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Prison Labor and Private Profit

Wall Street wheeler-dealer Irwin Jacobs, known as "Irv the Liquidator" for his leveraged-buyout exploits in the 1980s, is always looking to turn a profit. One of his current business ventures refurbishes and repackages items that customers have returned to retail stores. When Jacobs looks at the number of prisoners languishing in our nation's rapidly expanding prison system, he sees one thing: cheap labor for his refurbishing business.

Two years ago Jacobs approached prison officials in Minnesota, seeking to negotiate a deal allowing him to set up shop in that state's prisons and hire prisoners as workers. Minnesota decided to let the Liquidator make use of prisonerlabor, provided that Jacobs' company paid for the space, utilities, maintenance of equipment, janitorial services, and security measures needed to run his enterprise. The Liquidator didn't find the terms offered by Minnesota officials sufficiently lucrative, though. He turned them down.

On the make for a better slave-labor deal, Jacobs sniffed around for the one asset most crucial to successful negotiating, a state government that's for sale. Wisconsin's Republican Governor Tommy "All Power to the Highest Bidder" Thompson is well known for his auctioneer-like approach to doling out state contracts. Irv the Liquidator, savvy entrepreneur that he is, knew just what to do. Jacobs donated $20,000 to Thompson's 1994 reelection campaign. Four of Jacobs' business associates gave Thompson an additional $20,000.

Surprise of surprises, Thompson announced in January that Jacobs and the state of Wisconsin reached an agreement in which Jacobs will bring his refurbishing business into Wisconsin prisons and hire prisoner workers. Details of the deal haven't been made public, but the terms Thompson gave Jacobs are apparently more favorable than the terms offered by Minnesota. No doubt Wisconsin taxpayers will end up footing the bill for equipment to help Irv the Liquidator make millions of dollars in private profit.

The ordeal so far is a typical Tommy Thompson government-for-sale scandal. We've seen so many of those in the past eight years that no one here in the Badger state gets too worked up about it. But there's a particularly nefarious element of the prison-labor fiasco that should alarm all working people.

"He's not taking the work away from other workers," Thompson said of Jacobs. "It is work he cannot find workers for." Baloney. If the Liquidator offered to pay employees $15 an hour to do his refurbishing work, job seekers would line up for miles. The only reason Jacobs can't find workers is that he wants to pay minimum wage.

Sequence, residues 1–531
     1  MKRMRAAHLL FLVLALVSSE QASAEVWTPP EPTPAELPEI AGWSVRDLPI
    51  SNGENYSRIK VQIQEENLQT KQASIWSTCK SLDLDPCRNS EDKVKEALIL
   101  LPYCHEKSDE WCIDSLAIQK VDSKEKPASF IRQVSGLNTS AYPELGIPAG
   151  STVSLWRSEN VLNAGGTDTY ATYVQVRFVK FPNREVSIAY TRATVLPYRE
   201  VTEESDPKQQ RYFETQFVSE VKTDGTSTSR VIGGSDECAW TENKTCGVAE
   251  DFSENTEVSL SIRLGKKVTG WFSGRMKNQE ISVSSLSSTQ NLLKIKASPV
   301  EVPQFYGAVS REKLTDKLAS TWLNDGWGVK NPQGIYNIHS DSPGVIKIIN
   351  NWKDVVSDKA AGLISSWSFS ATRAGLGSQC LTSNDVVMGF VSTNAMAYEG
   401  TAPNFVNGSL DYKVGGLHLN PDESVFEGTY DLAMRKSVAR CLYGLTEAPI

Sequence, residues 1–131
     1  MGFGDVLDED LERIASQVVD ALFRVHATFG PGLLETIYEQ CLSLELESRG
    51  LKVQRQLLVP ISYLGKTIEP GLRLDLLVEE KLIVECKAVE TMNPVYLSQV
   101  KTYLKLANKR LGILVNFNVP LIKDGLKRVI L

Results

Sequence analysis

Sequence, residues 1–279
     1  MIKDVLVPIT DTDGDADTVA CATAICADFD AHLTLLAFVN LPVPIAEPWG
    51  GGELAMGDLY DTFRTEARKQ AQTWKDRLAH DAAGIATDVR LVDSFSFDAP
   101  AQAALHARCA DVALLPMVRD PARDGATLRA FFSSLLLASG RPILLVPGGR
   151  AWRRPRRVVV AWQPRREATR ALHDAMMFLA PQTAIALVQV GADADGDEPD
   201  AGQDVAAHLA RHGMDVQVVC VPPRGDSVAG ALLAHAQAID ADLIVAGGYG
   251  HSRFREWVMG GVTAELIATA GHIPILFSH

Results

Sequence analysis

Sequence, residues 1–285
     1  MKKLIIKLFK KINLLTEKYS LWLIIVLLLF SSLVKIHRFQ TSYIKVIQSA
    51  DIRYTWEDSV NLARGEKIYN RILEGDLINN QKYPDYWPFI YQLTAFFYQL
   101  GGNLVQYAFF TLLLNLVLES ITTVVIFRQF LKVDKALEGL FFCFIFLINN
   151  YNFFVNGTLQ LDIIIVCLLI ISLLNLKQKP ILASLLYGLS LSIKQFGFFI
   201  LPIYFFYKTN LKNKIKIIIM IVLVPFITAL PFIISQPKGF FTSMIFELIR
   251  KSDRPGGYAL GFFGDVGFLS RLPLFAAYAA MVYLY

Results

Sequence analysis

It seems there's big profits to be made in the business of refurbishing returned retail products. Irv the Liquidator wouldn't be in it otherwise. To realize those profits, though, Jacobs must hire employees to do the actual work. If conditions in the labor market are such that the Liquidator can't attract workers for $4.25 an hour, he'll have to raise wages until workers show up. That process is known as the free market, something Republicans like Tommy Thompson and entrepreneurs like Irwin Jacobs claim to worship.

Rising wages are obviously good for workers. And much needed. When adjusted for inflation, the wages of American workers have been declining steadily since 1972. A major cause of this falling standard of living for working people is a long succession of measures taken by large corporations and their conservative benefactors in government to keep wages down. Union busting, failure to establish a meaningful minimum wage, dramatically increased use of temporary and part-time workers, and anti-worker treaties such as NAFTA and GATT all contribute to this trend.

Tommy Thompson and Irv the Liquidator want to take advantage of the vulnerable position of prisoners in order to undercut the market forces that threaten to push wages upward. Remember that we have over a million people in prison in this country. Unless workers and their unions object loud and hard to the phenomenon of allowing private companies to employ inmate labor, working people will soon find themselves competing against the low-wage, forced labor of all those prisoners.

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